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Every habit and faculty is preserved and increased by the corresponding actions; as the habit of walking, by walking; of running, by running. If you would be a reader, read; if a writer, write. But if you do not read for a month together, but do something else, you will see what will be the consequence. So after sitting still for ten days, get up and attempt to take a long walk, and you will find how your legs are weakened. Upon the whole, then, whatever you would make habitual, practice it; and if you would not make a thing habitual, do not practice it, but habituate yourself to something else.

About 108 AD, the following quote from Epictetus was written down.  How true it still is.

I find that the answers I’m seeking for struggles with problems, people and purpose tend to come to me when I slow down.  When, to the world, it appears I am being unproductive. Once I work through the inherited ‘work guilt’ and cultural inertia, I find answers. They weren’t in a book, podcast or conversation with a friend.  They were in me.  The only me there ever was or will be.  How often do I consult yourself?  Do I even know myself? If the latter question is ‘no’ then I need to start there.  Otherwise, I run the risk of living other people’s lives and expectations for me. There is no clearer path to resentment.

The wisdom of Epictetus above is a clear path to success, however I may define it.  What it is not, is a program to know what success is. Habits can lead to good or evil.  Habits can lead to wealth or poverty, to strength or weakness. If I am to use this method, I must first clearly understand what success is for me.  If I fail to put first things first, then the result will likely be a disaster of lost time and energy that I will never get back.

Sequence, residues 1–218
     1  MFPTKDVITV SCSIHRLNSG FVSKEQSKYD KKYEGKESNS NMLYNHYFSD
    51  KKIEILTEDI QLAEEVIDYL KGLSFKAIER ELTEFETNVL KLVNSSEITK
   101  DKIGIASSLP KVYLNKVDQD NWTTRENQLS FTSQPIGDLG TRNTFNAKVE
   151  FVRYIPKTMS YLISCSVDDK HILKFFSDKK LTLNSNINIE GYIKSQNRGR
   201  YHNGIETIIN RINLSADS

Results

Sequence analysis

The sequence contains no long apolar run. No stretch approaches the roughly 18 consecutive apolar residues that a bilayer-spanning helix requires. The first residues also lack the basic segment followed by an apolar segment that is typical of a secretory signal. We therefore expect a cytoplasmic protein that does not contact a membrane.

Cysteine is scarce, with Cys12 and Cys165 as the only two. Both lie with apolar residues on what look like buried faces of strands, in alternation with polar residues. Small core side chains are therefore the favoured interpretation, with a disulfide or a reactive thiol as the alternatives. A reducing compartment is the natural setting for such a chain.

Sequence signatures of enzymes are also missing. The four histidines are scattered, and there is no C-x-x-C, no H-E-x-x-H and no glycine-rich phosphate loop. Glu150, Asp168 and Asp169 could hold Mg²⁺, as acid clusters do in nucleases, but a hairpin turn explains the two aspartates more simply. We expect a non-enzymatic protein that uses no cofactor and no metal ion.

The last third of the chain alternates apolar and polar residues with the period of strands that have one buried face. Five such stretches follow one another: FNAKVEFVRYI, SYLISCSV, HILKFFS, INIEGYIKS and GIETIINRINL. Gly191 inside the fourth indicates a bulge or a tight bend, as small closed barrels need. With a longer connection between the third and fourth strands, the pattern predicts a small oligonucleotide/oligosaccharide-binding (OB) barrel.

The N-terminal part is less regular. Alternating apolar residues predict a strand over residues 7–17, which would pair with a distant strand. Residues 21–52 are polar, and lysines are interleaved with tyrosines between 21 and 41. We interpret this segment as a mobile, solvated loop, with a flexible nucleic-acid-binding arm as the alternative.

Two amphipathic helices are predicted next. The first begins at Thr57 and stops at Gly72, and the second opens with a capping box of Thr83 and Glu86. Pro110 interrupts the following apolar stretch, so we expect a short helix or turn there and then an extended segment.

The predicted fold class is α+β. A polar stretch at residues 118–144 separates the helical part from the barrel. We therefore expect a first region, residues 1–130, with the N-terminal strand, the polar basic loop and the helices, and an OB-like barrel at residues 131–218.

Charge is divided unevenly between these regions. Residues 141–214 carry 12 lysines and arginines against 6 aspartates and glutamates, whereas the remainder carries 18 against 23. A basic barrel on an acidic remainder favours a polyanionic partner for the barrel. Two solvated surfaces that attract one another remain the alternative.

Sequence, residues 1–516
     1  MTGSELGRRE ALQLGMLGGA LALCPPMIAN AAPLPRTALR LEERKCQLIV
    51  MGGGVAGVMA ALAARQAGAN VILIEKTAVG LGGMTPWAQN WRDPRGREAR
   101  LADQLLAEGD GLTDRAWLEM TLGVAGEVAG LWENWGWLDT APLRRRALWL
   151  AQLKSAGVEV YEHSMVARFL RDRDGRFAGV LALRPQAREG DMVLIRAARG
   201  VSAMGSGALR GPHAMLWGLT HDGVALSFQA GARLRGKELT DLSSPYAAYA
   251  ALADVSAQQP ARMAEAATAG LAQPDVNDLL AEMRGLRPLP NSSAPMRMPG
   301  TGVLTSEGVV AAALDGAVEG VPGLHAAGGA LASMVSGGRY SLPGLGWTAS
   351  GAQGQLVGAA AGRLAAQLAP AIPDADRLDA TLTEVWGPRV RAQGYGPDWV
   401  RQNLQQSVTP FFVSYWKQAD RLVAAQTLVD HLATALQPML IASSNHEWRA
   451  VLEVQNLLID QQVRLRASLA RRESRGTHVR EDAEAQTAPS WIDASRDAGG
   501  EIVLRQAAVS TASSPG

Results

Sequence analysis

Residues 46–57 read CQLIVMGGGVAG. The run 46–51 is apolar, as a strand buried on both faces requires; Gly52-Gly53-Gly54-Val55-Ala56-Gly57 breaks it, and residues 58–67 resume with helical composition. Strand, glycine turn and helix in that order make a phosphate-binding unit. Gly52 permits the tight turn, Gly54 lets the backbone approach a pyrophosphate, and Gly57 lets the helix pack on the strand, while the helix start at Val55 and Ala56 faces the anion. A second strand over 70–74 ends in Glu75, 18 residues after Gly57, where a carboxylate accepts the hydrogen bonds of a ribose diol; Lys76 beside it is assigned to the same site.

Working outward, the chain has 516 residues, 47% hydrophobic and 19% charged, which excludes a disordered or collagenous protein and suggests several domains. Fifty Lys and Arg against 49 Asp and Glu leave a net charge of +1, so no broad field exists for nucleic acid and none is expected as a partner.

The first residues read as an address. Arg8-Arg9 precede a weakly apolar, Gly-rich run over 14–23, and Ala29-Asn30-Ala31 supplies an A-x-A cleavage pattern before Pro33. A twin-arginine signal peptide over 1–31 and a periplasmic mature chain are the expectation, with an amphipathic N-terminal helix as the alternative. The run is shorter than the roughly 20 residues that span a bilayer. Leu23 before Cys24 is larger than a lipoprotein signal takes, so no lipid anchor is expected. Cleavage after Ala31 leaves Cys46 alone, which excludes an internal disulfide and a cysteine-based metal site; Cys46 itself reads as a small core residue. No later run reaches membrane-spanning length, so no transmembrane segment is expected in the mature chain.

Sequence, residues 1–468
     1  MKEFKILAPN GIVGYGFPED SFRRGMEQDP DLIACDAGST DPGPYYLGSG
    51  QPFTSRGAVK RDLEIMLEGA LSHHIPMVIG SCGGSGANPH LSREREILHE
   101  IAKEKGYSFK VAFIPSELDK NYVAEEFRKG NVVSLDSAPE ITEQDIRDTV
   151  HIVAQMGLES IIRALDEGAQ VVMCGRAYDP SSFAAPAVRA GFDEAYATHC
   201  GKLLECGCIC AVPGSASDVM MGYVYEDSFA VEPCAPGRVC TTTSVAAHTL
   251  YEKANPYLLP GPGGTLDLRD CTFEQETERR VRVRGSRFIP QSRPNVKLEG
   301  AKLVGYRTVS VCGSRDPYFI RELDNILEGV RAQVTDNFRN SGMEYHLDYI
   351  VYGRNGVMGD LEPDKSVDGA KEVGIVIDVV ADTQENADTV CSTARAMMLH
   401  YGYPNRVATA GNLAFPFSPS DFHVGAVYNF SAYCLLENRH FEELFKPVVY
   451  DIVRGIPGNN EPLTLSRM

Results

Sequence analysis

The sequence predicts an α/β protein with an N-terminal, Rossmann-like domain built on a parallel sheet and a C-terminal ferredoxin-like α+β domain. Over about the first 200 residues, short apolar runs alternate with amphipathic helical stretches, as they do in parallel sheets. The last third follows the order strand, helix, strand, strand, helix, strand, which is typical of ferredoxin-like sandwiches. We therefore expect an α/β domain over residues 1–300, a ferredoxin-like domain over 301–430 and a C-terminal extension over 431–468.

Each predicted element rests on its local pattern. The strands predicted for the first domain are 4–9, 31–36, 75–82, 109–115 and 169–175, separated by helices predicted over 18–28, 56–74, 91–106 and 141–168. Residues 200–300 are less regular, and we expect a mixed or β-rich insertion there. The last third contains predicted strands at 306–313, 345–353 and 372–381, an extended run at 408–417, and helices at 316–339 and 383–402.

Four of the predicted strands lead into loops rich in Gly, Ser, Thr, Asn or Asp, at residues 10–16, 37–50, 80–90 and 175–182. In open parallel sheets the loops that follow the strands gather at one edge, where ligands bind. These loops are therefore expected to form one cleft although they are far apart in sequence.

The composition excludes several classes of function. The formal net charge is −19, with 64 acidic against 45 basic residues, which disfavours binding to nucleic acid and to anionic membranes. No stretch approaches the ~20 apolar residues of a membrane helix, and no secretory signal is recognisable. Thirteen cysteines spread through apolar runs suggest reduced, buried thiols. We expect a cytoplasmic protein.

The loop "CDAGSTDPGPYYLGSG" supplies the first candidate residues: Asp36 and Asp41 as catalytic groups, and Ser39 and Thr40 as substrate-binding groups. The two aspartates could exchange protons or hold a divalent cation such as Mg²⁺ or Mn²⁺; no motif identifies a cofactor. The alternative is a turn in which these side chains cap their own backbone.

When I know where I want to go, and I am sure that I understand what it means to be there, then I can apply the wisdom of Epictetus.  Then, I practice the habits that will clear a path from where I am to where I wish to be. Habits that will increase my self-discipline while simultaneously decreasing the amount of time and energy it takes to realize success. This is the deliberate, strategic, and slow process for forging a better me.  I have given present self over to a greater version of me.  I serve a higher purpose than the passions and temptations of the day.  I scorn the distractions unworthy of my time and attention. 

Do I fall?  For sure.  Everyday. Over time, however, the ruts that I have built into the path that lead to success are so deep that they pull me back to the right path. 

Am I working for my definition of success or someone else’s?

Do I know myself?  If not, how can I trust myself?

What are my current habits?  Are they leading me to success today?  Tomorrow? The next day?

Epictetus closes with this line that I would recommend heeding:

For do but take away the fear of death, and let there be as many thunders and lightnings as you please, you will find that to the reason all is serenity and calm; but if you are once defeated, and say, you will get the victory another time, and then the same thing over again; assure yourself that you will at last be reduced to so weak and wretched a condition, you will not so much as know when you do wrong; but you will even begin to make defenses for your behavior…

– BJ

If I do not know myself, how can I know what success is?  Often, we jump to creating new habits before we tackle the tough questions.